I had intended to tell my story in chronological order, but I realized that this had become an excuse for not writing anything at all. A friend at Trent labelled our sort of physical disabilities (she suffers from Crohn’s disease) “Invisabilities.” She said the word arose from the most common reaction to telling people about her illness. People would look at her and say, “Well you don’t look sick.” I too have lost count of the number of people who have said that to me, many of them doctors.
I think the main reason so many people with diseases like fibromyalgia struggle with depression is a lack of validation. We are told so many times that it is all in our head that we start to believe it. We start to question why we can’t will ourselves well. What is wrong with us? The answer, of course, is that we really are sick. It is not all in our head. We are not making it up. I think this simple validation does wonders for the mental health of anyone suffering from any sort of chronic pain condition. Remember that you are not alone and that your suffering is real. Then you can start to deal with it.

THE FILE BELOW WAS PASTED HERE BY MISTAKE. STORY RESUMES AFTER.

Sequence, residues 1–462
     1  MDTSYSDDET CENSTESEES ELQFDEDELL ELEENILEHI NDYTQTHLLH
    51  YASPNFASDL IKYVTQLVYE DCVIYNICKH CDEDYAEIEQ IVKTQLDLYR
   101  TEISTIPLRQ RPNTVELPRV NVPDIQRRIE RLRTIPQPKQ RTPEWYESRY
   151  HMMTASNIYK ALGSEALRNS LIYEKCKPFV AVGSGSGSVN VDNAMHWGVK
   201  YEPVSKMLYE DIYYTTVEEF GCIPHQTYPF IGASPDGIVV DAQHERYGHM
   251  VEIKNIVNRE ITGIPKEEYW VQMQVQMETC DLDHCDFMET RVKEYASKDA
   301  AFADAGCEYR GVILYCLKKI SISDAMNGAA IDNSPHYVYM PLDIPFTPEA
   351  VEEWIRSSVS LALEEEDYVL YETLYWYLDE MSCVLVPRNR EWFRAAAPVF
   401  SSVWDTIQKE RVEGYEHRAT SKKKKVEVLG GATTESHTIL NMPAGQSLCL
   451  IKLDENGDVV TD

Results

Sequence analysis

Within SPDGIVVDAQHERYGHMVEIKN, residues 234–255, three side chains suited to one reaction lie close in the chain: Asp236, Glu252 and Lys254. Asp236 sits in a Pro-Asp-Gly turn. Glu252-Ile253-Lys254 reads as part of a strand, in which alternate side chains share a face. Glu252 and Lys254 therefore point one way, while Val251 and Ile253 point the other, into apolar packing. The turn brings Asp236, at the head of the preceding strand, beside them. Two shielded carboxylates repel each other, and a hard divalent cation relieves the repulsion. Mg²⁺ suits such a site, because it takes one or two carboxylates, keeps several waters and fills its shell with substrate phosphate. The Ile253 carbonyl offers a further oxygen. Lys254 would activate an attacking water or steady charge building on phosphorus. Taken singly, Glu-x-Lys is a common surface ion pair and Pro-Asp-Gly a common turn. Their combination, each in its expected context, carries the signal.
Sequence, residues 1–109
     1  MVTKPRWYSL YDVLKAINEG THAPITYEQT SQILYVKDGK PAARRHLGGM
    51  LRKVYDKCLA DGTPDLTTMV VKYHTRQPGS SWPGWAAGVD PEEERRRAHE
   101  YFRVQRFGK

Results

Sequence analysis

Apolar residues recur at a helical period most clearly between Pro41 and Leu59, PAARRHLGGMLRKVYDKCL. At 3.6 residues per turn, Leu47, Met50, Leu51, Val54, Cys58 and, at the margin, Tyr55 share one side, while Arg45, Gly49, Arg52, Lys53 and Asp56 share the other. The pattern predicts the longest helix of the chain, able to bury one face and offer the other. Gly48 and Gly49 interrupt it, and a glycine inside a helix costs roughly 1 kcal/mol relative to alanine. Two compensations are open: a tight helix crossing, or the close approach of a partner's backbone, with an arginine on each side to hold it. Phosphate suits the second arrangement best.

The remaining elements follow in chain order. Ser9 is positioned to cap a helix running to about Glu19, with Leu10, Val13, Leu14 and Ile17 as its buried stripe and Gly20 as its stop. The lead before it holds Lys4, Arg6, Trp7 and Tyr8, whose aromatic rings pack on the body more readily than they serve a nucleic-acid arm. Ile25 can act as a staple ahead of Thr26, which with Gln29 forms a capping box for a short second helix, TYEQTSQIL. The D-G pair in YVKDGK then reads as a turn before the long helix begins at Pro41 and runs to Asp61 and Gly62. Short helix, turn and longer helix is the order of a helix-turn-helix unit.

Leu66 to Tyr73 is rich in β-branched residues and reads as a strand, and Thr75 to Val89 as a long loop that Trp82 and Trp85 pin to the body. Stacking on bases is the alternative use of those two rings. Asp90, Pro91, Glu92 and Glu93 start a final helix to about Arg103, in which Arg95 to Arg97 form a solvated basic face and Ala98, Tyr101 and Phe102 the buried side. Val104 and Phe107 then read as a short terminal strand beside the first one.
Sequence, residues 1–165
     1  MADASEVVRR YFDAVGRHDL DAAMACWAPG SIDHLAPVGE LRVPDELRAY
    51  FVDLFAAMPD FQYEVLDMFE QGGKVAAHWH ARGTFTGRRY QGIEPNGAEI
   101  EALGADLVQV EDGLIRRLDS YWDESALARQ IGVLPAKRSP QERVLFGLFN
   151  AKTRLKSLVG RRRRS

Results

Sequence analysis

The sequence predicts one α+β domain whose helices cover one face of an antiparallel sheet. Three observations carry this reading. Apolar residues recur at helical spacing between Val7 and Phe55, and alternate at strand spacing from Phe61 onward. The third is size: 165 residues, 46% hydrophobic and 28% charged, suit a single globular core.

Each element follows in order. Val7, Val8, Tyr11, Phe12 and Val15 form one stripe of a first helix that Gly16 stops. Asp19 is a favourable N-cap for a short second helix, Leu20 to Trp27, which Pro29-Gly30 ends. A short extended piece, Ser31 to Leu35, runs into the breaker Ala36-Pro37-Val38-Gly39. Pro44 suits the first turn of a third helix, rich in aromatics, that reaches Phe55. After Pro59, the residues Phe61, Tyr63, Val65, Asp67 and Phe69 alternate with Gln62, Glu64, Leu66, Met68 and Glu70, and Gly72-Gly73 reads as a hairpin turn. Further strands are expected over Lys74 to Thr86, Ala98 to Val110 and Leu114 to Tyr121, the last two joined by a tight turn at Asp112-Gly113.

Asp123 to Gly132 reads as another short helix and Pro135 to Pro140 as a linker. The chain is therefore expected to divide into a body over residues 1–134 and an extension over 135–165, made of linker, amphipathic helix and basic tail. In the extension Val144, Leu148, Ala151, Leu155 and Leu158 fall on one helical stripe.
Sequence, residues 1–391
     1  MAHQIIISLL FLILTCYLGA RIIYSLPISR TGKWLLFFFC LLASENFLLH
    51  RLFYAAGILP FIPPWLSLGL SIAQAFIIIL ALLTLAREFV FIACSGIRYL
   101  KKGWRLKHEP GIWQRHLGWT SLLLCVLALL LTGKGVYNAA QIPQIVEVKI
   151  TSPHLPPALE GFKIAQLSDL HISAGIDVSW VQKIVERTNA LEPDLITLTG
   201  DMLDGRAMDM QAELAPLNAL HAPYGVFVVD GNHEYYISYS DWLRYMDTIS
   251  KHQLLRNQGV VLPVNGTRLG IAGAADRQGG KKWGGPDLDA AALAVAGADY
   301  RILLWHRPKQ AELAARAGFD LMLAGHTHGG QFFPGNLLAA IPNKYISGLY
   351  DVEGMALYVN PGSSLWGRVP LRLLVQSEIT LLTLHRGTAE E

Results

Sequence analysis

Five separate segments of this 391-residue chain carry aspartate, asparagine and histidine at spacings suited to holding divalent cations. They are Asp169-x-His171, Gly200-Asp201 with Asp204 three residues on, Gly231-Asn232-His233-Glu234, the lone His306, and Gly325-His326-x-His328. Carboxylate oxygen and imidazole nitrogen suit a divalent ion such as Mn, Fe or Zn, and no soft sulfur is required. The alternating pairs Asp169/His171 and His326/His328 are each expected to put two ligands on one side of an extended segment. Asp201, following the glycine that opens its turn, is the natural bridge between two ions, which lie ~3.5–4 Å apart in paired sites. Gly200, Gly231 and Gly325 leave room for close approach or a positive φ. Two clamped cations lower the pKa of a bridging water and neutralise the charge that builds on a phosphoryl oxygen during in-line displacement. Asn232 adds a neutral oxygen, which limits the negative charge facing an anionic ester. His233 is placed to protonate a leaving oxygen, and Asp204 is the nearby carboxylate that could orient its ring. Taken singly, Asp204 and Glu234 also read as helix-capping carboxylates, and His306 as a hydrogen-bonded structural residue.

I remember my first specialist. My family doctor sent me to a pediatrician because he couldn’t figure out what was causing my migraines. Back then I still thought doctors could cure everything so I was very excited to go see this specialist. I was sure he would have some magic pill that would make the pain go away. In the exam room, he spoke solely to my mother even though I must have been thirteen by then. After poking and prodding me, and grilling my mother his brilliant diagnosis was: I didn’t like school. The cure for this was to force me to get up earlier in the morning. He also prescribed adult strength prescription pain killers. I guess on the off chance that I really was in pain and not just avoiding the school I loved. Thus began my slide into cynicism about the medical community. Not that there are not great men and women working in it. I have even met some of them, but far more often I see doctors who no longer have the time to or interest in listening to their patients.